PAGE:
“The instructor could make certain gestures, or movements (e.g., captured by the video camera), speak certain words, commands or phrases (e.g., captured by a microphone as an audio snippet) or take long pauses before speaking, all of which can generate events in Stream A that can be used to trigger operations,” he wrote.
“In one exemplary scenario, the video of the instructor could be shown in full screen as a default. But if the capture system detects that the instructor has turned his back to the audience to read a slide of the presentation, such action can be detected in the video stream and used to apply one or more operations on Stream A or Stream B, including zooming Stream B so that the slide being read by the instructor is presented to the viewer in full screen.”
The thing is with Apple, once they get their collective heads around something, they innovate to such an extent that they suck out all the air so no one else can do anything else!
Podcasts are wildly successful, despite the reluctance of this author to give them a second thought. Apple have identified a key area of video production that snags content at source, mostly because of the switching between sources.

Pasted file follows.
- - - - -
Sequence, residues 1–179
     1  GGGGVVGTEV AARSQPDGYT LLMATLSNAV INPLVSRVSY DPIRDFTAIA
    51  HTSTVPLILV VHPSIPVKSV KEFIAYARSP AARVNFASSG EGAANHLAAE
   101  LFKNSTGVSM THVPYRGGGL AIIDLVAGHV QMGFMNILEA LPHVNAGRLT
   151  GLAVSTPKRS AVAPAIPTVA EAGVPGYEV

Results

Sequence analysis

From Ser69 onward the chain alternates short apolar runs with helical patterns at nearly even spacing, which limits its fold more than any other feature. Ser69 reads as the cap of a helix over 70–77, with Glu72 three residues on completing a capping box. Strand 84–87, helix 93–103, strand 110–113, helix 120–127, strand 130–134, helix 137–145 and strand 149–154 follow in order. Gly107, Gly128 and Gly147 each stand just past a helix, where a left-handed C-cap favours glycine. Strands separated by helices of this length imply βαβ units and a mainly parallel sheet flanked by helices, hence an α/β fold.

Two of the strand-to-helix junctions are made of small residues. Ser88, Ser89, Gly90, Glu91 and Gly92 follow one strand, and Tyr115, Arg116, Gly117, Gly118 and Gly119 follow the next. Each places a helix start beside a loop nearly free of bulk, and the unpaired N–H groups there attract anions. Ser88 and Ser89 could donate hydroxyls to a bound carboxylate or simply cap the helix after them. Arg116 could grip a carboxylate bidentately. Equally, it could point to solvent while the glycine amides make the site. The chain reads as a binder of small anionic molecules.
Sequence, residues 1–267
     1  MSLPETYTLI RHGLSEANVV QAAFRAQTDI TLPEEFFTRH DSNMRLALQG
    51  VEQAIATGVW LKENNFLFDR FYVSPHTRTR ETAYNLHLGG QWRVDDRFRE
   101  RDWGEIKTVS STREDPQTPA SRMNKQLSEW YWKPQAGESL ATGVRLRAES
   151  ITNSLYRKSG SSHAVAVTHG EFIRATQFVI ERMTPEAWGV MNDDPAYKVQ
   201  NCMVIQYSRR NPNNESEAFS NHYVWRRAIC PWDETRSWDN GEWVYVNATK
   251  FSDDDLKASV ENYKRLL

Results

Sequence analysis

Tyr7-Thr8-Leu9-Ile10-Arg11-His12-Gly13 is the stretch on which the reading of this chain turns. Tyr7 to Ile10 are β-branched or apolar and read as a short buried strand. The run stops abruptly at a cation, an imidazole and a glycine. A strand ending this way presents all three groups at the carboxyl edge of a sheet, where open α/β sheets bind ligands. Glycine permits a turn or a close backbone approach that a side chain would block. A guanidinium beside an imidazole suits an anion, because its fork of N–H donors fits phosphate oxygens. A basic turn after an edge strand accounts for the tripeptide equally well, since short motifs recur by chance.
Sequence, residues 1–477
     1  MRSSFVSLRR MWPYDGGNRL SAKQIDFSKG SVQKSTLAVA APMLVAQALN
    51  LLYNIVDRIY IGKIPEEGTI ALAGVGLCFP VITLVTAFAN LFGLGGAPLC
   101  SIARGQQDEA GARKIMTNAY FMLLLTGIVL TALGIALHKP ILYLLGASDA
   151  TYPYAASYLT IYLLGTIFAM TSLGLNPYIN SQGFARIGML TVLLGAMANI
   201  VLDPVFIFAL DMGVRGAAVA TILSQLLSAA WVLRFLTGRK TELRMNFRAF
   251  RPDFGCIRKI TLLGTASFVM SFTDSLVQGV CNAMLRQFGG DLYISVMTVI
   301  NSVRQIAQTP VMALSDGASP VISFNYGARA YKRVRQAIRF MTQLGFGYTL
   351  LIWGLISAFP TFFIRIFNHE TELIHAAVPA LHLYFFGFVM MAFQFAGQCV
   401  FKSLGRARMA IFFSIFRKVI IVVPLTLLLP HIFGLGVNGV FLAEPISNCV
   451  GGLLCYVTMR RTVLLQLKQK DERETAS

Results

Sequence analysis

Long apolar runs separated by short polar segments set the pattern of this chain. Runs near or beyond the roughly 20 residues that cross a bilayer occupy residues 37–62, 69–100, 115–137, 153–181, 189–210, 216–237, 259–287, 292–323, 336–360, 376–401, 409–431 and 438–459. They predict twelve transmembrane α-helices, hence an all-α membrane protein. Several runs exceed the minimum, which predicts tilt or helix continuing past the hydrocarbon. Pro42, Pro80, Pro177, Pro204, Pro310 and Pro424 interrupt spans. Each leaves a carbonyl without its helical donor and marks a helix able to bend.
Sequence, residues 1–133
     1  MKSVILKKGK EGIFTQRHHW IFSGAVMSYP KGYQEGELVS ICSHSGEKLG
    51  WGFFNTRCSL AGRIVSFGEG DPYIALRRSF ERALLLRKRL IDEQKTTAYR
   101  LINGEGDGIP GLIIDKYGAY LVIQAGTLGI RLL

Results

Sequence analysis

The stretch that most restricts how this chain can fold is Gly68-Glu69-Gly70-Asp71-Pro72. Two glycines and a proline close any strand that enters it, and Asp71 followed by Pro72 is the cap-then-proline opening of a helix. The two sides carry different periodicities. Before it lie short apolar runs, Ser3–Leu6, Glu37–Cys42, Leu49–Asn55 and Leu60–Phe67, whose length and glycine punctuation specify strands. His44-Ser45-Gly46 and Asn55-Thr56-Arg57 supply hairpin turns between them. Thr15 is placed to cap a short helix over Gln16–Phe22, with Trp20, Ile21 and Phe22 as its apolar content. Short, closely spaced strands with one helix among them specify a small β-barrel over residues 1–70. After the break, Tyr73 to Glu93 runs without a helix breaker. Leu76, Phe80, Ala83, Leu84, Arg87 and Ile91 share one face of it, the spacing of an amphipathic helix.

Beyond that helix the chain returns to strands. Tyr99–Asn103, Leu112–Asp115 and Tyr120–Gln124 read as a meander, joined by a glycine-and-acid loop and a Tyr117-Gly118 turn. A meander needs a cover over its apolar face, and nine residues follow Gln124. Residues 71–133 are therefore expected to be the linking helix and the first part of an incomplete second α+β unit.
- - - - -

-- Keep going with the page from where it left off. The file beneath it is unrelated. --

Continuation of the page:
Assuming this filing does come to fruition — which seems highly likely, given the way the Internet is fattening out — Apple could excerpt control over content production and distribution on almost every level.
Possibly more interesting is that Podcasts would suddenly go beyond static files and into the realm on enriched live feed sources.
I’m guessing there’d be a two-tier approach to content production; iMovie for simpler things like school Show & Tell stuff, while Final Cut would dominate the high-end professional area, such as keynotes, academic presentations et cetera.
Get this right and Podcasts would get a whole new level of legitimacy amongst a very broad selection of people. And we know how Apple can hang their lowest fruit on a brand name very, very effectively these days…